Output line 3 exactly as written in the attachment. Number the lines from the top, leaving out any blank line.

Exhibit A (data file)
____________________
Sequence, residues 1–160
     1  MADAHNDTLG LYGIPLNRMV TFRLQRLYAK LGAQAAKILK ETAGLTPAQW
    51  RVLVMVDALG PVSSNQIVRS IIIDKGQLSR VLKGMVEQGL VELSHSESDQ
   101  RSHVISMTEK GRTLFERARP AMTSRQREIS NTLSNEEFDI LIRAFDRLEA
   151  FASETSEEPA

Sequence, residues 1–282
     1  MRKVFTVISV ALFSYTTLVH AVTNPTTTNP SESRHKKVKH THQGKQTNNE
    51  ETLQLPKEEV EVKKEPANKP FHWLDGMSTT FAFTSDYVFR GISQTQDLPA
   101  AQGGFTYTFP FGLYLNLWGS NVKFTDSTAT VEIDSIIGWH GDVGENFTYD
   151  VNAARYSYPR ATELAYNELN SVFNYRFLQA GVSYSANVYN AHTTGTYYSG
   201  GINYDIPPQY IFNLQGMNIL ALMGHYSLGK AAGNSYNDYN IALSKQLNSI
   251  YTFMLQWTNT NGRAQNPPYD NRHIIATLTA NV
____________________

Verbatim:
    51  RVLVMVDALG PVSSNQIVRS IIIDKGQLSR VLKGMVEQGL VELSHSESDQ